Learning to be accomodating

Learning Matters says: Hey guys — thanks for the comments so far.

Try to spread the link around (if you have any time) so that hopefully more people can comment as well.

When a person has small children and that’s the reason they discontinued their education to begin with, I support them having an alternative method to reach the goal of completing their education and obtaining a high school diploma or GED.

Even under these circumstances, the young adult has to understand that success will occur only with discipline and follow-through, something I do not think will occur with the average child.

And parents consistently give high approval of choice options, so there has to be a great deal more to all of this than meets the eye. It is not fine that there are these sorts of people like that CEO, but they do exist. Those of us in education who are not afraid of innovation and who stick with doing what we feel is best for kids overwhelm the folks just in it for a buck because they only see money to be made and we see it as investments for the future success of all students. My point that not all of us involved with virtual education are the same, not do we want to be.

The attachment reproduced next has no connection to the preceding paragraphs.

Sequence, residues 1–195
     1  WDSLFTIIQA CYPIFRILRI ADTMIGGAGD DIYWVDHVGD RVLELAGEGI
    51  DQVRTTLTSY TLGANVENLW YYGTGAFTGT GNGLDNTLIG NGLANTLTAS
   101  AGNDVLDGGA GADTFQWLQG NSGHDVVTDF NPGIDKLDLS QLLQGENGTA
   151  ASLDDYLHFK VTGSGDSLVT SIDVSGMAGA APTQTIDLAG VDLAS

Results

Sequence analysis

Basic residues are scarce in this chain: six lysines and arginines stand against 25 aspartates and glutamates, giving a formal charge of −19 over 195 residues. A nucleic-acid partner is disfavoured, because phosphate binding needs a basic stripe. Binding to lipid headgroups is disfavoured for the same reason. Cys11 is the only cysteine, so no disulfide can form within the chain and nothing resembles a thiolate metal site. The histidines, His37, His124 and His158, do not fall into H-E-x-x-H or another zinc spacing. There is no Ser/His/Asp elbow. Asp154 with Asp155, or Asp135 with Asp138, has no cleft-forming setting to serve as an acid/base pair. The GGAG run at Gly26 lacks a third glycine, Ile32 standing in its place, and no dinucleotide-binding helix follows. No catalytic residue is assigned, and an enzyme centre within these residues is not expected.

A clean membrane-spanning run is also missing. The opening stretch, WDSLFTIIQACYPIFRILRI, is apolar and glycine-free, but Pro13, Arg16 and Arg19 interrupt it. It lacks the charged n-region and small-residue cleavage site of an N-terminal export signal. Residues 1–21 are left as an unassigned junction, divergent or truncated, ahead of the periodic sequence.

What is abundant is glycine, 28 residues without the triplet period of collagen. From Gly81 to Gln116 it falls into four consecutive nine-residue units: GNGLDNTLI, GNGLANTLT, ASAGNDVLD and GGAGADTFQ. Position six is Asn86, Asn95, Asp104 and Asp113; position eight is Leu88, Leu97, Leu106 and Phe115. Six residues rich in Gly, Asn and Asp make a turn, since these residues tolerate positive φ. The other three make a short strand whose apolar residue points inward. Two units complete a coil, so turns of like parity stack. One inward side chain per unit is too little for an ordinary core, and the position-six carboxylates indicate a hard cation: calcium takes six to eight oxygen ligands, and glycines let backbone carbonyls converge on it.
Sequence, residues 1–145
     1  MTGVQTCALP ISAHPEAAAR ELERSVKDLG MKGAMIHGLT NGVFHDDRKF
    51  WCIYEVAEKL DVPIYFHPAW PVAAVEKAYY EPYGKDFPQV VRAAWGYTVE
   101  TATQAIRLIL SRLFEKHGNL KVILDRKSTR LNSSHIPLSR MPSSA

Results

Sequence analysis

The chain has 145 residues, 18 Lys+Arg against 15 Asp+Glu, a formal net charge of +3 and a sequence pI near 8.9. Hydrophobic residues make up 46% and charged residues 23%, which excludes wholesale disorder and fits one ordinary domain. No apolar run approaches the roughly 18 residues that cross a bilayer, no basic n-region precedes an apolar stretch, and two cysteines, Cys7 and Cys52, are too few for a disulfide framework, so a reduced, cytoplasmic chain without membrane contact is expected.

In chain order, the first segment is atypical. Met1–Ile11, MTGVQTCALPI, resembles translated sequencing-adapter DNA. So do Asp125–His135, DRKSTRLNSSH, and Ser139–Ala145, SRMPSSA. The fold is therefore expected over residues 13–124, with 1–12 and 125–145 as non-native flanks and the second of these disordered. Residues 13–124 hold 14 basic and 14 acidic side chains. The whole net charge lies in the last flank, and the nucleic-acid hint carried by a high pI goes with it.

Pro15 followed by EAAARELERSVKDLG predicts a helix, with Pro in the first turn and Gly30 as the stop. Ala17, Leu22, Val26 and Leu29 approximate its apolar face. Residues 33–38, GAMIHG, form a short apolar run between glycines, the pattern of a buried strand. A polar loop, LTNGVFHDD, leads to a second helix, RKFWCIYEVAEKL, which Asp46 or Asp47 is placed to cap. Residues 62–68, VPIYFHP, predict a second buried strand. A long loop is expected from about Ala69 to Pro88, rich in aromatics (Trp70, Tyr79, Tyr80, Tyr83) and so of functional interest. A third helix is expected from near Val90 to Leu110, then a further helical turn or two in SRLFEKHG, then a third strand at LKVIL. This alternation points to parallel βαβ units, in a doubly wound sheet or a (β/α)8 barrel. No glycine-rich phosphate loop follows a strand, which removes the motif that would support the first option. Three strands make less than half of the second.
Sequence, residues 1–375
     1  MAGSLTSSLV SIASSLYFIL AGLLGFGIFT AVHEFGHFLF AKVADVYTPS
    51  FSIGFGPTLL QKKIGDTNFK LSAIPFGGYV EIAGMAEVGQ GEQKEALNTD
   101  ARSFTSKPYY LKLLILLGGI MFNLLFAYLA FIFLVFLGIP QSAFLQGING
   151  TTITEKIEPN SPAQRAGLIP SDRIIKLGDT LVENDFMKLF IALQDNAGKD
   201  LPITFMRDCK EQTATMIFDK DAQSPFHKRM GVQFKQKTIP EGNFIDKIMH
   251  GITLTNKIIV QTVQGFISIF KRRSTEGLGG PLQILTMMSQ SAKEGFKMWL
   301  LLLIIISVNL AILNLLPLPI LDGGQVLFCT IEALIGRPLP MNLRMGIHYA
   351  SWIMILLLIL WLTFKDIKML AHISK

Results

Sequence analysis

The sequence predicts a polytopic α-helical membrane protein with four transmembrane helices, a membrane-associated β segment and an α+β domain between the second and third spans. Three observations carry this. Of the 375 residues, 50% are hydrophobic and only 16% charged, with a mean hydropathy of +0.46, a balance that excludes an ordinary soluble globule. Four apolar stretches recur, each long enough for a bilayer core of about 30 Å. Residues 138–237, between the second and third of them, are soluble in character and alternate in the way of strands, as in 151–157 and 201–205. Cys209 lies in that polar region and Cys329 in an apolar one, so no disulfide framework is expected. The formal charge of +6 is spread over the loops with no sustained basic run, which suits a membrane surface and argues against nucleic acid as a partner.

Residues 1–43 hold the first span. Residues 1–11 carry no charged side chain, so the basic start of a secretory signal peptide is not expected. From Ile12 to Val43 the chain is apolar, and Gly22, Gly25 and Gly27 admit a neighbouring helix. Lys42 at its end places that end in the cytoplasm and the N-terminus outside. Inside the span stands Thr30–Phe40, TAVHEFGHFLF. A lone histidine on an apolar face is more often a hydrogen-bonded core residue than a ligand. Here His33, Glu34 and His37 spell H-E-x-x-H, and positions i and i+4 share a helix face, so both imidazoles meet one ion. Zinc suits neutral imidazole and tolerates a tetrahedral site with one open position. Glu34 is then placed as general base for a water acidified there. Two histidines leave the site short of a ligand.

It’s time to transform schools into 21st century learning organizations, where we fully embrace all three learning purposes and modes.) Sorry to not have edited the previous tome better!Wanda says: I have participated in on-line learning for my master’s degree and I have experienced what it s like to be in a “class” with people who are not disciplined enough to take an independent study type class without the structure of a real-time classroom and teacher.NOTE: Information you supply on this page will only be used to send this email.We request your name and email address so that the person you are recommending the page to knows that you wanted them to see it, and that it is not junk mail.

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